Imagining a world without police is not new. No matter what form it has taken, law enforcement has never served all communities equally. For as long as we have had police, poor and marginalized communities have found ways to handle their own public safety needs—whether through vigilante justice, community-based safety programs or a combination of the two.
Historically, crime fiction has portrayed the police as heroes. But that vision of law enforcement is becoming hazier for the general public, and for most communities of color, it was never accurate at all. What does this mean for the next wave of crime and thriller writing? What role do we play in shaping people’s vision of what public safety looks like?
Author Nicole Glover recently wrote a fantastic essay about this phenomenon in mystery fiction, exploring the role of police (or lack thereof) in her own debut novel set in the 19th century where Black people fought for their freedom and justice on the Underground Railroad. As her essay bears out, while the reluctance of Black people to call on law enforcement for help has its roots in the time where police units were actually slave patrols, outrageously little has changed in the centuries since.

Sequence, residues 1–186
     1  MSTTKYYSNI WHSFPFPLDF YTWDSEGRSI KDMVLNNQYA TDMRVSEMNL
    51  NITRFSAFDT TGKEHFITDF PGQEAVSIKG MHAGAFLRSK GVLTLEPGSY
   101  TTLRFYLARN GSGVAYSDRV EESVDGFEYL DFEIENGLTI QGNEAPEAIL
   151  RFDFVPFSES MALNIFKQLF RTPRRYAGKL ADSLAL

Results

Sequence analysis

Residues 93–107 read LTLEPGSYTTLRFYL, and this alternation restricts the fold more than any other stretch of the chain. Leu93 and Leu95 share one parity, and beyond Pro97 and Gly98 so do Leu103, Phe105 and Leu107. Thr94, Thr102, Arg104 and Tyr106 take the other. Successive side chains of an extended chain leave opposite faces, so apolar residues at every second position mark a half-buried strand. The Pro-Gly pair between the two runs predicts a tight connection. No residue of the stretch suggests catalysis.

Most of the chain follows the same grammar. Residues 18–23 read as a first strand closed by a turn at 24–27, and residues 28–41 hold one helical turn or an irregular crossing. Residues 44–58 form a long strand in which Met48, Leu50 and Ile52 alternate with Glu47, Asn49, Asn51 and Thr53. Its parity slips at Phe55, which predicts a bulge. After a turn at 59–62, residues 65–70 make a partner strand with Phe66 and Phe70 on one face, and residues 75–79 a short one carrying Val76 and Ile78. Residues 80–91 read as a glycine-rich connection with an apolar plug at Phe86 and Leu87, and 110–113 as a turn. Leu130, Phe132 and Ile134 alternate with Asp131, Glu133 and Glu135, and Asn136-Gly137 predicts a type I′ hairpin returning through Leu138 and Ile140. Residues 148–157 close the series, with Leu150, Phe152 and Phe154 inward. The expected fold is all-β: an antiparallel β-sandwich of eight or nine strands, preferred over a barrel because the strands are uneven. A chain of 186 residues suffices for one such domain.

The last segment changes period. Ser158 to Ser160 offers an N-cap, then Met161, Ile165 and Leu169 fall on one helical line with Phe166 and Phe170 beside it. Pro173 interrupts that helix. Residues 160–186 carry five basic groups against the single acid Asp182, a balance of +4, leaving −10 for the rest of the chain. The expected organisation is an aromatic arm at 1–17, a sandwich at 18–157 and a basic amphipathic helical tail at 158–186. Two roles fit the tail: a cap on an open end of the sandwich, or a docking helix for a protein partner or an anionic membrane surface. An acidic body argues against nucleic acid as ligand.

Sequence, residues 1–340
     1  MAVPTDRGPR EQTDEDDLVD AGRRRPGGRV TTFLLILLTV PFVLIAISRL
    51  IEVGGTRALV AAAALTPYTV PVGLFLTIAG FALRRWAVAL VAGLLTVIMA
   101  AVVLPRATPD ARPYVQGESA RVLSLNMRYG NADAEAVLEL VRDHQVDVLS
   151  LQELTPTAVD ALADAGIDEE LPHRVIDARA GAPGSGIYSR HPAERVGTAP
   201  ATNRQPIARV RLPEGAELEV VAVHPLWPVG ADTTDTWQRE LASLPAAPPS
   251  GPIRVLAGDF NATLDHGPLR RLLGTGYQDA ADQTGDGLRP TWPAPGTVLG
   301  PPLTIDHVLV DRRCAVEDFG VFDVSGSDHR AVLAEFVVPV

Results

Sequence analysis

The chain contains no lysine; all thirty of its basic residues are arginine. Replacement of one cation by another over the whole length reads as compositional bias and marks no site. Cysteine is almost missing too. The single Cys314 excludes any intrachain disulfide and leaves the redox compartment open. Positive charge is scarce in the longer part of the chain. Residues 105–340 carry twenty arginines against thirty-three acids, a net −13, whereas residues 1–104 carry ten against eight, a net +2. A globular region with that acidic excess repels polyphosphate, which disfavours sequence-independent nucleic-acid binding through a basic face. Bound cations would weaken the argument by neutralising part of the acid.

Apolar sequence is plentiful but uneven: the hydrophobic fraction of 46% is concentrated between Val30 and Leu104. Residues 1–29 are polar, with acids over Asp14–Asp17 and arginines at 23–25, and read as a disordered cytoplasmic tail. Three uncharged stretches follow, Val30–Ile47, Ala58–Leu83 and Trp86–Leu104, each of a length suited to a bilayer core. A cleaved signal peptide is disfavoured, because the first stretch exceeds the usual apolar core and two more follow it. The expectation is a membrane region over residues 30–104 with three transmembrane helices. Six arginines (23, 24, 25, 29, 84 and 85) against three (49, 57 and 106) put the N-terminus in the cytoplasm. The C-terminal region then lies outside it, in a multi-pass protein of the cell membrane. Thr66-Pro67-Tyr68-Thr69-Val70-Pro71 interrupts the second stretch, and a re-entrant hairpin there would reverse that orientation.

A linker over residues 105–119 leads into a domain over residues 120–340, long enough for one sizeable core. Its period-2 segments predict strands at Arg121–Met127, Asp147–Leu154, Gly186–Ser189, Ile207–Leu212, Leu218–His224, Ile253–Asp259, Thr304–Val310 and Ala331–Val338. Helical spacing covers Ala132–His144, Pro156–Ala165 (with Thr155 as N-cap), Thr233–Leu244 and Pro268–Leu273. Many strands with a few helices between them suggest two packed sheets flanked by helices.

And that makes it tempting to look into the future. A few years ago, I sat down to write a novel where the main character was an investigator—in a city without police. She was a former professor with a keen analytical mind, who didn’t shy away from stacks of research and was driven by the desire to find justice for child victims of crime. In this hypothetical near-future, Minneapolis Police Department had been disbanded after several high-profile killings sparked sustained national protest. All eyes in the country were on the state of Minnesota as it tried an experiment: a state without centralized law enforcement, a state where the many jobs of police were divided up into separate units—where one large conglomerate with a bloated budget and little accountability did not exist.